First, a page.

Pip Gill, of Hybu Cig Cymru – the organisation behind PGI Welsh Lamb and PGI Welsh Beef, said: “We’d like to invite as many consumers as possible to fill in our short poll which will give us an insight into meat purchasing behaviour and whether this is changing. Welsh Lamb and Welsh Beef have been awarded the European PGI status which means that its origin is guaranteed. The stringent requirements mean that, legally, only lambs which have been born and reared in Wales to specified high standards and slaughtered in an approved abattoir can be labelled ‘Welsh Lamb’. The blue and yellow PGI label on every packet of Welsh Lamb acts as a stamp of authenticity so you can guarantee that the product you are buying is exactly as described and is fully traceable. We believe that if consumers are becoming more concerned about the origin of meat, this label provides peace of mind for them. We are activity campaigning to raise consumer awareness of the PGI label to help provide this quality assurance and origin guarantee.”

Apparently this was only a short online poll conducted to get a snapshot into consumer shopping behaviours following the horsemeat scandal. In total, 309 people completed the survey from all over the UK, which enabled this snapshot to be provided.

I cannot see that 309 people from all over the UK really makes any news worth shouting about. I would have thought that the way the horse meat story has been carried out so extensively in all media, that the majority of people have at last begun to think where their meat comes from. If HCC then helped independent butchers on promotion we might make more progress. More importantly though, if a poll is sent through to people and they have no interest in it, then they are very unlikely to complete it, which in my view makes the poll more than biased. Just think of the number of times when you’re on the web and the site asks you for a few minutes of our time to fill in their questionnaire, how many of us do it unless we are really interested or there is a good incentive to do so? Very few……………………????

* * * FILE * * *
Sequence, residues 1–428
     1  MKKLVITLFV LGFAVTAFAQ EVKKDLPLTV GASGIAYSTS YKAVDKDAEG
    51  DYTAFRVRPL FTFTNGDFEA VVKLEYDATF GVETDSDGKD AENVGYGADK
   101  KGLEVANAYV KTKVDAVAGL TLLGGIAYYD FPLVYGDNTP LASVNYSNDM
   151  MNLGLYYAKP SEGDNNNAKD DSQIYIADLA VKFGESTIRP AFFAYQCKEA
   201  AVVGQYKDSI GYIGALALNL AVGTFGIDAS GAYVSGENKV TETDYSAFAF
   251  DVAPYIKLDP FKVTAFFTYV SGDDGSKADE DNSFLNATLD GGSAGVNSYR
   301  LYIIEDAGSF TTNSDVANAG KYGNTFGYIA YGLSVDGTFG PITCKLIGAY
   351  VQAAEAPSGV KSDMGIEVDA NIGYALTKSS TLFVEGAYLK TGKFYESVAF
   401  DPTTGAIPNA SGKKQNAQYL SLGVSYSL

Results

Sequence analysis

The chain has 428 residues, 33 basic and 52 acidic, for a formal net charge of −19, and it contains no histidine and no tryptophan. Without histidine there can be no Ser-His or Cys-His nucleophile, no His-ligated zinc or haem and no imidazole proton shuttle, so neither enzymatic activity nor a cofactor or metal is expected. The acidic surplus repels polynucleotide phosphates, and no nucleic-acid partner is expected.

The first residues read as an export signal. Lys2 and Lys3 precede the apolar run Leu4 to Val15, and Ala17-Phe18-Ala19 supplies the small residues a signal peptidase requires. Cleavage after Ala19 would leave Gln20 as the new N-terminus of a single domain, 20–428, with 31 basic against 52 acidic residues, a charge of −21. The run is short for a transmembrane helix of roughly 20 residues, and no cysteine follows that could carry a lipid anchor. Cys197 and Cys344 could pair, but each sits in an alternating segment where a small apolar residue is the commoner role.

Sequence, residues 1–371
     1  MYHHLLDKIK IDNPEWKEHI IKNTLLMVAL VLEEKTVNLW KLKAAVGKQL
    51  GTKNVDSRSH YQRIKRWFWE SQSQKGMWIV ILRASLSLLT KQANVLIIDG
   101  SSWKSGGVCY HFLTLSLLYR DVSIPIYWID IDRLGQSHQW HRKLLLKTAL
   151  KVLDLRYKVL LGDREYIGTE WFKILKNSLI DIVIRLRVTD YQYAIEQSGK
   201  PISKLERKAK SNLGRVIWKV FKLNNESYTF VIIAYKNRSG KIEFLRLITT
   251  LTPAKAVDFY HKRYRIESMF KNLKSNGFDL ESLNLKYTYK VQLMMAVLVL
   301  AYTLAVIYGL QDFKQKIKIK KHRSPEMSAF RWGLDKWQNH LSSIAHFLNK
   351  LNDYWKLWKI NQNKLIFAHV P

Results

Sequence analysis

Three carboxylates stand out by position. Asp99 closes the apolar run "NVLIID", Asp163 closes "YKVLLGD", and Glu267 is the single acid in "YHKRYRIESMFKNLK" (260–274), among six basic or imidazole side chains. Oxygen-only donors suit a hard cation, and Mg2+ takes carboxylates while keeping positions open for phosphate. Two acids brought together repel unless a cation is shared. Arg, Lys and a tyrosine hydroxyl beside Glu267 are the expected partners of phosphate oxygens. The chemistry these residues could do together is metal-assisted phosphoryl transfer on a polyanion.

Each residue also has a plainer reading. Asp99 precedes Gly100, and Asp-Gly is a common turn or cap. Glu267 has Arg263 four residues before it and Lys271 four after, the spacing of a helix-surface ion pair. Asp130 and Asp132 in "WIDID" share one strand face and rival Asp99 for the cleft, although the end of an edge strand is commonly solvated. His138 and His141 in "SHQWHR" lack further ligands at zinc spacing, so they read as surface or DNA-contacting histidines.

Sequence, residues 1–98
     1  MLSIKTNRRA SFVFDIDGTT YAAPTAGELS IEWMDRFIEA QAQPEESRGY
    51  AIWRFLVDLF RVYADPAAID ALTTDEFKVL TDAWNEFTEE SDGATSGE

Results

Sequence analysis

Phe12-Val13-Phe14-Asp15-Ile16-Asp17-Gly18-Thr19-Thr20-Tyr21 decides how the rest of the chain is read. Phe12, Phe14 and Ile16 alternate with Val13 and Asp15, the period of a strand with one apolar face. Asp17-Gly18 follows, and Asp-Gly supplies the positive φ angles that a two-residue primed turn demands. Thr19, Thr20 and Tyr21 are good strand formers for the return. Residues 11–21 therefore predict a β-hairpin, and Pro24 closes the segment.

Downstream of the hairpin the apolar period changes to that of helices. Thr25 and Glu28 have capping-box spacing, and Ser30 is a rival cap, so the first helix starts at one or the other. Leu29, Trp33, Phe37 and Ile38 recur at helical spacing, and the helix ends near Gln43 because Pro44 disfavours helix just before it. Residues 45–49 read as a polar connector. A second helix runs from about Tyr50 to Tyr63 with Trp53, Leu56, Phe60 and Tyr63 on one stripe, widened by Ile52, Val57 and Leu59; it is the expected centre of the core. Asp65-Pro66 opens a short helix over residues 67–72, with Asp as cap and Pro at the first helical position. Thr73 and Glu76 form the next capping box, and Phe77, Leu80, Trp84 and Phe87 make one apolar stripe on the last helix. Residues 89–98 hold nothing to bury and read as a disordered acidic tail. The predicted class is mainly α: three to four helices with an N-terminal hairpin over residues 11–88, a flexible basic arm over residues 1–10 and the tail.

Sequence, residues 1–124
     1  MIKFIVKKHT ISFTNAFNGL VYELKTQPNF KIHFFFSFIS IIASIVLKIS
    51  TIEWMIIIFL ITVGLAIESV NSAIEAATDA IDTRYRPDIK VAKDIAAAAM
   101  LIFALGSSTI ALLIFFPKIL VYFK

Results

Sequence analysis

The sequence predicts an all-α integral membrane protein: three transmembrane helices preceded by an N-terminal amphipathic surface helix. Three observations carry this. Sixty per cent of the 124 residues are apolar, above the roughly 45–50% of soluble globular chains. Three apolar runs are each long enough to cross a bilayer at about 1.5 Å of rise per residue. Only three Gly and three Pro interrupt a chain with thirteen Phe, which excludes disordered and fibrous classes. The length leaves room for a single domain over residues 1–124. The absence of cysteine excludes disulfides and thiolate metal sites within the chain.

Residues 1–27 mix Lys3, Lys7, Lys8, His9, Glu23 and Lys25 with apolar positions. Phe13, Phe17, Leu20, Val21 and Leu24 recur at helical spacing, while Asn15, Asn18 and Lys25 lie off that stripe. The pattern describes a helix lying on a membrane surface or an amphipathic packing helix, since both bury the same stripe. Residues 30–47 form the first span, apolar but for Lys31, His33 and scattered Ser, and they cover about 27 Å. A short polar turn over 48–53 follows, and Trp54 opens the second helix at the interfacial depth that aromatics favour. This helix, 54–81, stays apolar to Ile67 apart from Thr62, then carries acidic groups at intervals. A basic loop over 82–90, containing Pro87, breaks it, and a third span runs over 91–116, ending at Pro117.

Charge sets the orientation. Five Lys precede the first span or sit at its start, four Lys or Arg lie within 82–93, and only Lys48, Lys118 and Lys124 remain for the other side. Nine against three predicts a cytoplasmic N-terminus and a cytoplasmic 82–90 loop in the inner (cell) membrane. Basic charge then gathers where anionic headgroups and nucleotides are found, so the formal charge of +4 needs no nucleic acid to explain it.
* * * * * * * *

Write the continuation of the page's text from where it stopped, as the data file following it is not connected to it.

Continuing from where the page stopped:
Any way to see for yourself what was asked please visit:


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  1. butcher

    April 30, 2013 at 2:15 pm

    PGI status does the welsh public know what that means of course not
    sit there in your glass tower and pontificate that you know, best bearing in mind you can’t talk to welsh butchers ‘cos you don’t know who we are, but I bet whatever ever campaign you come up with next will be as useless as all your past ones.
    we are best relying on this site to tell us what’s going on and welsh country magazine to get welsh people into our shops.
    well done HCC for not having the courage to change your poor plans

  2. beefy

    May 1, 2013 at 9:40 am

    HCC focus on supermarkets, markets abroad and PGI
    if they focused on butchers, local markets and advertising locally we’d feel supported
    as it is it’s the big farmers, the big butchers and we can go and get lost they care nothing about us
    I’m grateful for this website and magazine who have stuck behind us through thick and thin despite being bullied, it’s a gutsy team here
    such a shame that HCC can’t see their worth and the value they could get from this lot.

  3. Trader

    May 2, 2013 at 9:52 pm

    309 people is a very poor sample.
    What really gets my goat is that WE are paying HCC through slaughter fees, and I consider this very poor value for money. If one of them spent a day in the butchery trade, maybe they would have an idea of what we are up against, but that would be too much like hard work!

  4. butcher 2

    May 8, 2013 at 8:02 am

    309 people from all over the Uk constitutes an HCC survey
    well that shows they are not only not in the real world but that they have still not got our buthcers interest at heart, or in fact in their mindset.
    They are a waste of space and we are having to pay for them
    good job we know where they are although they don’t know where we are do they?
    thanks for this info